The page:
Long story short, I can't even tell you what puzzles I've solved, I can't tell you what puzzles I'm in the middle of, there's no point of the map that I look at and think "Ooh, I wonder what's in there!" because there's just so much to take in at once. There's next to no feedback as to whether or not what you're doing is right or wrong, it's like he just stuffed as many random puzzles and things onto the map as possible and then judges you based solely on your persistence. There's a machine that transforms you into another race... but what does that do? I don't notice any immediate differences. There's a "puzzle" where you have to win at a slot machine and a roulette machine to get chips and tickets to trade for prizes but because there's no failure condition, you just hold up and enter on the machine until you get the "win" textbox enough times to trade for your prizes.

In hindsight, this area was obviously a casino! Hey, look, there's the dessert bar! The slot machines! The redemption thing! But walking through it before that, nothin. The fact that I randomly touched the wall that turned out to be a slot machine is nothing other than dumb chance.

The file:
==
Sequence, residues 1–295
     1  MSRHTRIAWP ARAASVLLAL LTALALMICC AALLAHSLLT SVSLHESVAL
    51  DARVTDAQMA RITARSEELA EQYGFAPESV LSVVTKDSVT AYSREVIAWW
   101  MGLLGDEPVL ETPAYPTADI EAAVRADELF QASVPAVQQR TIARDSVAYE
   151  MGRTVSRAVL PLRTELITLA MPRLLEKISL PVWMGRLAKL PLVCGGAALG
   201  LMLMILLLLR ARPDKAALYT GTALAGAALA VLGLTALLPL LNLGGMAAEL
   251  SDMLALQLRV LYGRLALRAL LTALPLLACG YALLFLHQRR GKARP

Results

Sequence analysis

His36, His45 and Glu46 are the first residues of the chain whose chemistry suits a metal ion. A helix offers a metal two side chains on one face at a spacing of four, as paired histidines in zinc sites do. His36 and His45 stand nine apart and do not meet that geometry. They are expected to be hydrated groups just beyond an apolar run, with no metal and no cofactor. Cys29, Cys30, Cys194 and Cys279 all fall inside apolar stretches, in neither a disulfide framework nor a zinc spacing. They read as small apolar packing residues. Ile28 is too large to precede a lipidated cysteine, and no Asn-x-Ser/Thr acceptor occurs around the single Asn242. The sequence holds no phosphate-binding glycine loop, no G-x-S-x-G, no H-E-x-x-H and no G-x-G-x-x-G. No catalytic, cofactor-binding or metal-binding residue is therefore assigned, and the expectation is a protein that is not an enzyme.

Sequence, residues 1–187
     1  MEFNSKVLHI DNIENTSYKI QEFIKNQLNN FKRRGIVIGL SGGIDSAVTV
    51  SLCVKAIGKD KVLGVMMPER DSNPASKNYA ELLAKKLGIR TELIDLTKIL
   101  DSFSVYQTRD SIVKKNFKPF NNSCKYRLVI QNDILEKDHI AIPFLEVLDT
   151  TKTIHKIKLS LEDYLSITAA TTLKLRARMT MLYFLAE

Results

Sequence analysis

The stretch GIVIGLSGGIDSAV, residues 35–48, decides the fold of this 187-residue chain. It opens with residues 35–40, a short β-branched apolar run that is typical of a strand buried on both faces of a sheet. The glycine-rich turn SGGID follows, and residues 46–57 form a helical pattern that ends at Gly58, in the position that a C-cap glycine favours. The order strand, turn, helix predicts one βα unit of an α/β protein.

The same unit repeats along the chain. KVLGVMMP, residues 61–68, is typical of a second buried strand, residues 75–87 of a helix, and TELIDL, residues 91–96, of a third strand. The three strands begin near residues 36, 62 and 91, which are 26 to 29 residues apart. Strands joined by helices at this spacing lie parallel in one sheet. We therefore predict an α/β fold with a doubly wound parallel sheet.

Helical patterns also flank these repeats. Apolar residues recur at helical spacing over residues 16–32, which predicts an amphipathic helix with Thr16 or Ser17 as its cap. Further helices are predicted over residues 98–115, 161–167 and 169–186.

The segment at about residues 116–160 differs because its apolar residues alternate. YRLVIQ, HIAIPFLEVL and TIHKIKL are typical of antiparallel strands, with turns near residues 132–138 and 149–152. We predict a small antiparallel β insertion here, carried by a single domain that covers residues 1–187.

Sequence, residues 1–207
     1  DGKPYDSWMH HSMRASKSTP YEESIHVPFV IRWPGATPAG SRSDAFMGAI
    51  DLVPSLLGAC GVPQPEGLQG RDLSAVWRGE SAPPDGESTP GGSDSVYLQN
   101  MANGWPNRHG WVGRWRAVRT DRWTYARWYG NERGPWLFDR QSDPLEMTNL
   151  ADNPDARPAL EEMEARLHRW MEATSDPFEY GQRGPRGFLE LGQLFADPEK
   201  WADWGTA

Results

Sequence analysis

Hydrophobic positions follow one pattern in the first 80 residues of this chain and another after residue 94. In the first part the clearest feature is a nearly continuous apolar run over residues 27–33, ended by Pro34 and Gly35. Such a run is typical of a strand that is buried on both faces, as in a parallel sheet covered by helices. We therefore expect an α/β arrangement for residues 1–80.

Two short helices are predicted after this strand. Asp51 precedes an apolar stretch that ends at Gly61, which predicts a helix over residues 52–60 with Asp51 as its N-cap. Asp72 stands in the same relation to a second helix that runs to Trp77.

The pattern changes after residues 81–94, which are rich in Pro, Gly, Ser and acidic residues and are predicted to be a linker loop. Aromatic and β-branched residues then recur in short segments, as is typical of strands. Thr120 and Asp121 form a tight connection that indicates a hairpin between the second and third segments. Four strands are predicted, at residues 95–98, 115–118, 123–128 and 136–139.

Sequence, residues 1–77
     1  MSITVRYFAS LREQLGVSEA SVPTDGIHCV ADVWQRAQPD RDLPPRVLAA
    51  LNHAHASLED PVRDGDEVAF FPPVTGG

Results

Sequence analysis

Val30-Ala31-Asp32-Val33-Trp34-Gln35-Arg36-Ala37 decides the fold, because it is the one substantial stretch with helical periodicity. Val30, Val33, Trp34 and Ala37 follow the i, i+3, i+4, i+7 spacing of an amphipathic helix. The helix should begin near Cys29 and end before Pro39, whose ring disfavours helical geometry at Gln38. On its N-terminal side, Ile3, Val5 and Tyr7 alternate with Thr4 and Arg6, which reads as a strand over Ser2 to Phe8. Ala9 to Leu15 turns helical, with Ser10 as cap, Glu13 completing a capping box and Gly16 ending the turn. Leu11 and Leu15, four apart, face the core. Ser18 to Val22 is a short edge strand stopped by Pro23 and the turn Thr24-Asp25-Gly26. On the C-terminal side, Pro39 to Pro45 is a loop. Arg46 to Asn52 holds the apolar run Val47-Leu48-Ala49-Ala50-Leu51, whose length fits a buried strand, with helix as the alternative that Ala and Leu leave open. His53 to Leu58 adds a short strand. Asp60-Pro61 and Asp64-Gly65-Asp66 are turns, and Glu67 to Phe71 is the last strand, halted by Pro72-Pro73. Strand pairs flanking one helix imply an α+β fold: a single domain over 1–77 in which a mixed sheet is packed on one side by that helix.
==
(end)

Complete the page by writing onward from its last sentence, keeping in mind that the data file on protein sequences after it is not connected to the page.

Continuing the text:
I hate to shit on a guy with a unique style, but this is a game that could definitely benefit from more traditional presentation. It's a game that could benefit from locking you up a little bit and forcing you to understand what kind of puzzles the game is going to present you with. I get the feeling that if I followed a checklist from GameFAQs, I could solve the whole game in probably 15 minutes. But would that be fun? Dunno! So I wandered around on my own for 45 minutes and am left bewildered.

It's not Super Metroid, it's not Myst, it's not Stratego. It reminds me of Superawesomeric's T4R4D1DDL3, only not as pretty and maybe not even as well written. If you had to play one or the other, I would definitely suggest Ramble Planet because unlike T4R4D1DDL3, I'm sure that you can actually win at Ramble Planet. I do like it better than I liked Dreg Sector, if it's any consolation. This is an actual game, it's not a joke or a troll it's just... bewildering.

(And there's one of those damned "Invisible Wall" mazes in this thing! Has anyone, in the history of video games, ever actually liked those? At least there's an item that instantly teleports you out, but still!)